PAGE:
Whilst the Sea Fury was too late to see service within the Second World War, it made its impact on the opening stages of the Korean war with great distinction. Initially escorting Fairy Firefly Mk V's and USAF aircraft like the B-29 Superfortress, the Sea Fury soon found its self on secondary roles due to the ever-increasing threat of the MiG-15 now in the hands of Chinese and North Korean pilots. Despite this, on the 9th August 1952, a flight from No.802 Squadron were en route to a ground attack sortie when they were bounced by MiG-15 fighters. Peter Carmichael, flying Hawker Sea Fury WJ232 (Coded 114), damaged one of the Jet fighters in a head-on attack with the first and only Air-to-Air kill for the Sea Fury in the Korean War. The feat showed the remarkable potential of the aircraft, even when faced with vastly superior opposition and secured its place in the rapidly developing history of aviation.
Other nations to operate the Sea Fury include Canada, Pakistan, Cuba, Netherlands, Iraq, Australia, Germany, Burma and Egypt. Whilst the majority built were of the Fighter or Fighter bomber versions, the two seat and two-seat trainer versions were also popular on the export market, with the Hawker Sea Fury T 20 being the best example of the two-seat variant. Even after its operational service ended, the Sea Fury is still a popular racing aircraft among pilots, particularly at the Chino Air Races. Several museums, air forces and private collections house and operate examples of the Sea Fury, with the best example of this being the Royal Navy Historic Flight who have operated multiple Sea Fury's since the type's retirement.
The Hawker Sea Fury was the last piston engined fighter in front line service with the Fleet Air Arm and, according to many critics, the greatest piston engined fighter in history. However, as with its contemporary – the Seafire F Mk.47 – it was a fighter out of time; it may have been one of the greatest fighters of its type but it was propeller driven in a jet age, and competition was slim as many air forces had already moved on to jet fighters.
The Hawker Fury (the second Hawker fighter to be so named) was originally designed as a lighter weight replacement for the superlative Hawker Tempest, although Sydney Camm’s team also began work on a maritime version for the Fleet Air Arm. With the end of the war in sight and a smaller requirement for fighter aircraft for the RAF – coupled with a growing interest in jet aviation – the RAF cancelled its orders for the Fury before they were even in front line service. However, with a long list of complications with operating jets from aircraft carriers still to be overcome, the Fleet Air Arm continued to pursue the naval variant: the Sea Fury.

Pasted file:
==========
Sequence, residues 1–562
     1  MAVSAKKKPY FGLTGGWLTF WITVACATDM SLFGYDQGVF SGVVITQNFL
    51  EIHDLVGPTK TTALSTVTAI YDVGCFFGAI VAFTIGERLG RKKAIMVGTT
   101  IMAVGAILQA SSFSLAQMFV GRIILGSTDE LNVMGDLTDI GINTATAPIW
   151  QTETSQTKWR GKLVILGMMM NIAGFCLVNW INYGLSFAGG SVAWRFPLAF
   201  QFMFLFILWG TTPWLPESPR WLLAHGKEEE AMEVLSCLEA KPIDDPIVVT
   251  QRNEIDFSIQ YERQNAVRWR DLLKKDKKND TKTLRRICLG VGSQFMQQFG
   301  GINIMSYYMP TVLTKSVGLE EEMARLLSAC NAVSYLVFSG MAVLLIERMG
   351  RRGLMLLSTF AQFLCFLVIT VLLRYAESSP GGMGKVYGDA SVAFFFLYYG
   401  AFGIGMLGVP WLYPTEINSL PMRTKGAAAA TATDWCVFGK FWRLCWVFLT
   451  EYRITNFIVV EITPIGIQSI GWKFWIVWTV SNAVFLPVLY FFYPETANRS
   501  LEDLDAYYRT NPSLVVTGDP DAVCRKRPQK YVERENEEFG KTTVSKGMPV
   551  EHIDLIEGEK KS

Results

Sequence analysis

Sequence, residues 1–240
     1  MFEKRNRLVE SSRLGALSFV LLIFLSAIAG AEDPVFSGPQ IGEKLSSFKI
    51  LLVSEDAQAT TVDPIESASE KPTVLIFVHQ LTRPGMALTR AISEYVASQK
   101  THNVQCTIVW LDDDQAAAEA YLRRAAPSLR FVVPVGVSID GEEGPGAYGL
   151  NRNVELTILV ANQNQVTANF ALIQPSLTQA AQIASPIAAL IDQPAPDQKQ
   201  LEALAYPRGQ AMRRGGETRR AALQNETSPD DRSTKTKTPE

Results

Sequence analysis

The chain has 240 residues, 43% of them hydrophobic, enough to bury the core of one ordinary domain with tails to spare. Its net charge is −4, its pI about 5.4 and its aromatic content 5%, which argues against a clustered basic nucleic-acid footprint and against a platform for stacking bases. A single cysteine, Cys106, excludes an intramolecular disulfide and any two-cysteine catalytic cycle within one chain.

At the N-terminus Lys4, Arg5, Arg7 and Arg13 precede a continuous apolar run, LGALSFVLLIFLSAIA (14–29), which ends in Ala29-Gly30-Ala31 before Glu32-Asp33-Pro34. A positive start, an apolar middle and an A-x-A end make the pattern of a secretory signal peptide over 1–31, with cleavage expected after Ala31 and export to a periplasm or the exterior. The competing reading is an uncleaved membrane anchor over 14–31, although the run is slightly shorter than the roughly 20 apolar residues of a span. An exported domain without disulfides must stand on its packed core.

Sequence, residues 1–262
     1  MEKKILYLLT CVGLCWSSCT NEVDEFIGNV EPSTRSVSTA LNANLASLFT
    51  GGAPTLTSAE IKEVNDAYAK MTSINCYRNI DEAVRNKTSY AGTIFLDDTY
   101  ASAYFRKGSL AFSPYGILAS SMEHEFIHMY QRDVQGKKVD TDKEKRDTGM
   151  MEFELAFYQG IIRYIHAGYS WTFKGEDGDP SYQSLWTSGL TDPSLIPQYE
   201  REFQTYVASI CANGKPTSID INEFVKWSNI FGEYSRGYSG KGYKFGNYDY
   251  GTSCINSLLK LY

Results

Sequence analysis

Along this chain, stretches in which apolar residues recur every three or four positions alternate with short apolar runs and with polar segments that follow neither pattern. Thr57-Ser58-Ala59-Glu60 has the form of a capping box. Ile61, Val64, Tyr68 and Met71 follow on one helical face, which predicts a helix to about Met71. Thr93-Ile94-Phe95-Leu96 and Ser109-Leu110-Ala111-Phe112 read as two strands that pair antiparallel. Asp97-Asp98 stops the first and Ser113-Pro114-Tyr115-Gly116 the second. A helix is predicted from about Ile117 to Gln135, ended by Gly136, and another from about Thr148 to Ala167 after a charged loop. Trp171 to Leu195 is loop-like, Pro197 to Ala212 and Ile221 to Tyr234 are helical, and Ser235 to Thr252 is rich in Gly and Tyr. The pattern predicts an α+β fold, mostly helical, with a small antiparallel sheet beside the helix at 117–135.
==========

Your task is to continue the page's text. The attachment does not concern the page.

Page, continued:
Powered by a 2480 hp Bristol Centaurus, the Sea Fury was capable of some 460 mph at 18000 feet, a rate of climb of 4600 feet per minute, and possessed an agility and balance of control which made it popular with pilots. After some initial problems with deck landing trials, the Sea Fury Mk.10 entered front line service with 807 Naval Air Squadron at Eglinton in September 1947. Hydraulically folded wings and greater ground attack capabilities were incorporated into the definitive variant – the Sea Fury FB Mk.XI, of which 615 aircraft were produced.
The Sea Fury operated with great success during the Korean War, flying from the carriers HMS Ocean, Theseus, Glory and Sydney. The Sea Fury was mainly employed in ground attack duties, artillery spotting and combat air patrols, but achieved immortality during the conflict when a MiG-15 was shot down by a Sea Fury of 802 Naval Air Squadron in August 1952. The kill is officially credited to the squadron’s Senior Pilot, Lieutenant Peter ‘Hoagy’ Carmichael, although controversy and counter claims exist to this day.
The Sea Fury also served with the militaries of Canada, Australia, Burma, Pakistan, the Netherlands and Cuba. It was Britain’s last piston engine fighter but lives on to this day as an air racer in several guises across the globe.
- First WiP article on the Sea Fury on official WT forum: "Aircraft – work in progress"
- [Devblog] Seafire FR.47 & Sea Fury FB 11
- [Vehicle Profile] Hawker Sea Fury
- The Hawker Sea Fury FB 11 in game wears the code WJ232, which is the same Sea Fury that Peter Carmichael flew on the 9th August 1952 during the historic engagement with the MiG-15.
Paste links to sources and external resources, such as:
- topic on the official game forum;
- page on aircraft encyclopedia;
- other literature.